Most of the artisans who travel the artisan exhibition circuit have modern equipment that allows them to accept credit and debit cards on the spot. This equipment is more affordable now than it used to be. At one time, a craftsman relied on handling cash at fairs or accepting checks, which was risky with no way of verifying whether the checks were good or not.

If a check wasn’t good, he wouldn’t know it until after he had deposited it or tried to cash it, and that would be after the craft show was over and the customer had left with the merchandise. As much as I hate to think the worst of a client, sadly this scenario has happened on more than one occasion.

You may have to handle cash at craft fairs, and you should always be prepared to do so because not everyone pays with credit or debit cards or checks. Some people just like to pay cash.

# 1 – watch out for big bills – The funny thing about counterfeiters. Some of them attract a lot of attention when using “big bills”. On the other hand, others are more intelligent and stick to the 5, 10 and 20. A counterfeit money detector pen is a good idea, but it is not guaranteed to work 100% of the time. Familiarize yourself with what to look for in counterfeit bills.

# 2 – Cash handling – You may think that a lockable cash box is a great idea for your craft booth funds. A padlocked box is a good idea, but not if it’s not secured for someone to pick up and run with. A thief will manage to break the lock and get into your box once he grabs it and runs back to his car or house with it.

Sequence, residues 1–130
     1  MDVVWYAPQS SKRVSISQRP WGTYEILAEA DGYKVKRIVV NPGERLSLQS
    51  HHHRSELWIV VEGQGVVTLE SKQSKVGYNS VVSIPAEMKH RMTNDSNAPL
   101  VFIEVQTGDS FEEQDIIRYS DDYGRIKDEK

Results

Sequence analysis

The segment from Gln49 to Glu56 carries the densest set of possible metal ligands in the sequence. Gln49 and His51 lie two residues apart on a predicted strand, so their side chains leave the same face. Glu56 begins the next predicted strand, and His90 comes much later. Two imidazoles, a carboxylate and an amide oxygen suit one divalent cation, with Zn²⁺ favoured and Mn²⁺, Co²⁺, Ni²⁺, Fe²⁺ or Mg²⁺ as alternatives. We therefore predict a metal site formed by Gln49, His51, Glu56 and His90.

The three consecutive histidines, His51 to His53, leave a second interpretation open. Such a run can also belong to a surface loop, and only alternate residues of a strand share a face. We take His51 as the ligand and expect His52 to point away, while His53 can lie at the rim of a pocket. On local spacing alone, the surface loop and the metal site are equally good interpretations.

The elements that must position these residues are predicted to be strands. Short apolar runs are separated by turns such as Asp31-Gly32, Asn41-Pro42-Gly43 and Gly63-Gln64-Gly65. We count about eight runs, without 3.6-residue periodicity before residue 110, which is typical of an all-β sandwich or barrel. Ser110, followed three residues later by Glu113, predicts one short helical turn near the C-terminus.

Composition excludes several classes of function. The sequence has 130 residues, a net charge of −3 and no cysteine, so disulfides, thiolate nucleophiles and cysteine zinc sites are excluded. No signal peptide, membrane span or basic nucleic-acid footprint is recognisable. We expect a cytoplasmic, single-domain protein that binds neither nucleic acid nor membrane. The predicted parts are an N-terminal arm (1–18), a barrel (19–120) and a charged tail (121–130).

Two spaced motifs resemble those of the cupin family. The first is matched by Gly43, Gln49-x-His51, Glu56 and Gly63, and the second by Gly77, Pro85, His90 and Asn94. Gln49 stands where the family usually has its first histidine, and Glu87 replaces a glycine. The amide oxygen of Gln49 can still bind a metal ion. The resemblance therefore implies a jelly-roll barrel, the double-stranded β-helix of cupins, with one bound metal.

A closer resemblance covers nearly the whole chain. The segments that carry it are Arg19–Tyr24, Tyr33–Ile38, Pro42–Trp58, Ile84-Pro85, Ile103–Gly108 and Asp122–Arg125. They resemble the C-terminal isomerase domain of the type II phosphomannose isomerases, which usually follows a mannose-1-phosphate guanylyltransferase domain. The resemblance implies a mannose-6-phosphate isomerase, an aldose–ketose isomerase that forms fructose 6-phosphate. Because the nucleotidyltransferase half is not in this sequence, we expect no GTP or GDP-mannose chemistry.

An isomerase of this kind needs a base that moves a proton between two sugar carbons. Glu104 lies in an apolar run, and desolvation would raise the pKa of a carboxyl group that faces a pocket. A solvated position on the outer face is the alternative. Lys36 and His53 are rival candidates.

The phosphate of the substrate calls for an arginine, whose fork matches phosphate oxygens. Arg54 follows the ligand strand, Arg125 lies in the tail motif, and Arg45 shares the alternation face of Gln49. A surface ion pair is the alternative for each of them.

If you use a cash box, it should be chained and secured to the premises. It should not be a “cash and carry” type of configuration.

Some artisans keep their money on their person at all times by wearing a money belt. Whichever method you choose to store your cash, make sure it is secure and cannot be easily removed from the premises. Never leave cash unattended at your craft stall.

# 3 – Financing the Kittand – the day before each craft show, cash a check to fund your cash. Ask the bank teller for a 1, 5, 10, and 20. You should be able to make changes if necessary for the first customers of the day. After that, your kitty pool will build up from sales, hopefully, and your pool of invoices and changes will grow, making it easier to make more changes.

In the event that you are unable to make a change for a customer, you will generally find other providers willing to help you by taking some of your larger bills in exchange for smaller ones.

# 4 – Take checks – If you do not have a way to process the checks on the site, it is recommended not to accept them. Put up a simple sign in your checkout area that says “Sorry, no checks” or something like that.

# 5 – Save the surplus – If you are having a great sales day and a large part of the money is in cash, at some point during the day you may want to move some of the cash to your vehicle or another safe and secure storage area.

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